So, I don’t know if that answers your question, but it is something to appreciate – these movies – but yet not try to, specifically, to recreate them.
You gave me a very good answer, and I’m surprised you didn’t take the opportunity to rag on some of the past masks in some of those sequels.
Oh, there are some questionable masks, I have to say. That would be a good documentary as to who, what and why, haha.
Yeah, we just avoid the fourth movie’s mask, don’t we?
I have an amazing photograph of Jamie Lee [Curtis] on I can’t remember which of the Halloween movies – it might have been for Resurrection – looking at a series of masks that were being proposed as the Myers mask, and you can see the evolution even in one film. It is hanging on my office wall. It’s kind of amazing.
Speaking of the fresh, new kind of spin in the franchise, we see in Halloween Kills you completely switch up the slasher dynamic to mob violence. What made you make that decision?
It was just a different way to explore fear. So, if our previous chapter felt personal – and this can be argued – but it felt like it was a Michael and Laurie story, even though I tried to challenge that within my narrative that I have worked hard to create.
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But I thought about the idea of expanding it, so it is just not so specifically isolated to individual characters, but it becomes that consciousness of a community of Haddonfield, and the idea of reaching back into Carpenter’s ’78 film and finding characters that we love and wonder about.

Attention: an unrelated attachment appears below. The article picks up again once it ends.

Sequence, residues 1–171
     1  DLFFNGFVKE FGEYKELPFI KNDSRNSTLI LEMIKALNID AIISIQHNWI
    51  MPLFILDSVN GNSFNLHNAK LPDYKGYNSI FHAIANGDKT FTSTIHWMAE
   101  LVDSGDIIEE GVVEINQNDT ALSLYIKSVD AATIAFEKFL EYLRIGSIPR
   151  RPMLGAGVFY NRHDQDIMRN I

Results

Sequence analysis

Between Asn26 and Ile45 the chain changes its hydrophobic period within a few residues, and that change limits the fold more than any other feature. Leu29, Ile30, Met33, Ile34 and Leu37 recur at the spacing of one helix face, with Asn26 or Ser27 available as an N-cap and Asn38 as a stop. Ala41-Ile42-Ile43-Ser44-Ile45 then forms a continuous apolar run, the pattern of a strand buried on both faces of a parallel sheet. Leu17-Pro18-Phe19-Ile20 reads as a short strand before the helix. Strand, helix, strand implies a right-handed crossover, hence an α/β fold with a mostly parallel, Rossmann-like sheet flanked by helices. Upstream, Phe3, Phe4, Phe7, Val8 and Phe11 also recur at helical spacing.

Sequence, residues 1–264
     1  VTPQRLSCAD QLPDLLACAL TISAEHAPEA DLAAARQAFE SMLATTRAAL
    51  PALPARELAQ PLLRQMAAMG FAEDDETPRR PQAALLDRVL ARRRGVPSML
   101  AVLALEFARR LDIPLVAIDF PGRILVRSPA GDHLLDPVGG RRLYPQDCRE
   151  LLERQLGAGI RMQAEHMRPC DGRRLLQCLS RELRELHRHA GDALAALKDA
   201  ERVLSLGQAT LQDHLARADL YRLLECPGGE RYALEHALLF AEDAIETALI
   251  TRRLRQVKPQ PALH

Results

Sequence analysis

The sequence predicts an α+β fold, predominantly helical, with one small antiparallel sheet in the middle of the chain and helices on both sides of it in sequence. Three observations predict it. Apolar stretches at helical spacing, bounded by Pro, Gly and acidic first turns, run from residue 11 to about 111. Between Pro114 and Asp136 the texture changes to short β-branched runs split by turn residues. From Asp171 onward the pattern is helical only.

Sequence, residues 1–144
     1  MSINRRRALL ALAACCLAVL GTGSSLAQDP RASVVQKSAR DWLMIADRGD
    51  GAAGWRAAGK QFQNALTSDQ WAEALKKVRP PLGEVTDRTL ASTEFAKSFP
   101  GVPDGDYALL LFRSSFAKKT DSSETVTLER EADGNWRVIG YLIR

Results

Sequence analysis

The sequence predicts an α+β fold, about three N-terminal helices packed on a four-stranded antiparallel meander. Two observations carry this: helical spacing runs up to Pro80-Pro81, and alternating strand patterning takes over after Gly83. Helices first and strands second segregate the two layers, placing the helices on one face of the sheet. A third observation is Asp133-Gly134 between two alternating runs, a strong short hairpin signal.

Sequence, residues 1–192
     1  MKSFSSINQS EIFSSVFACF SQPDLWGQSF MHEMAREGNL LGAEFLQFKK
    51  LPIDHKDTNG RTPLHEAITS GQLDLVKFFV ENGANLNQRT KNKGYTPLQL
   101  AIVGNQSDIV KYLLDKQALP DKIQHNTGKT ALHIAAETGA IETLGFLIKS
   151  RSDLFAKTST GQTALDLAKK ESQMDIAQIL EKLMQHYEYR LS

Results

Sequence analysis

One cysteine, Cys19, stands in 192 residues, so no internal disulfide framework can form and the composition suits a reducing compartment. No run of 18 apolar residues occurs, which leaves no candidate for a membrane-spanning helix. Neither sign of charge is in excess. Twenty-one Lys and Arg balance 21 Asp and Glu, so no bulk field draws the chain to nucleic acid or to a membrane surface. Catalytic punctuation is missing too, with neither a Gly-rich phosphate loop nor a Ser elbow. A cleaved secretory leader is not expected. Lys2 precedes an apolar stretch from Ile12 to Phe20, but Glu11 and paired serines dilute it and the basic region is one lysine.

Thinking about the trauma that Lindsey and Tommy must have been subjected to, and how their personalities would have evolved from frightened kids cowering in a corner to empowered and brave. And Lindsay’s got a pillowcase full of bricks ready to fight, and Tommy’s got a baseball bat, so those juxtapositions in their characters for me were just a fun arc to explore.
Besides rebooting Halloween, you are now set to reboot the Exorcist too. What draws you to these franchises? Why do you feel the need to come back?
It is so funny because, for so much of my life and career, people have said that I, you know, whatever, I make weird movies or eccentric films or I have strange ideas that aren’t commercial. And then with these titles, it is almost like a licence to get weird because they are art projects.
As much as they are genre movies – either a slasher film or a demonic possession film – you get to be really artful, and you don’t necessarily need to play by the rules of high concept and celebrity and things like that, that a lot of other traditional films require to get a budget, to find an audience. And these things are important to me. The more films I make, the more important it is for me to connect with an audience.
So, I love the idea of immediately… It is like a piece of real estate in a way. There is something beautiful, you know, exists there, and you get to go in there and create your dream house, and you get to be as creative as you want, knowing that people are going to turn their heads and be interested in it. You know you may fail, and the house may burn down, but it is cool to look at it with that type of optimism and opportunity.
Halloween Kills is set to release on October 15 across UK and US cinemas, and on the streaming service Peacock for US fans on the same day. Halloween Ends, the direct sequel to Halloween Kills, is scheduled to open on October 14, 2022.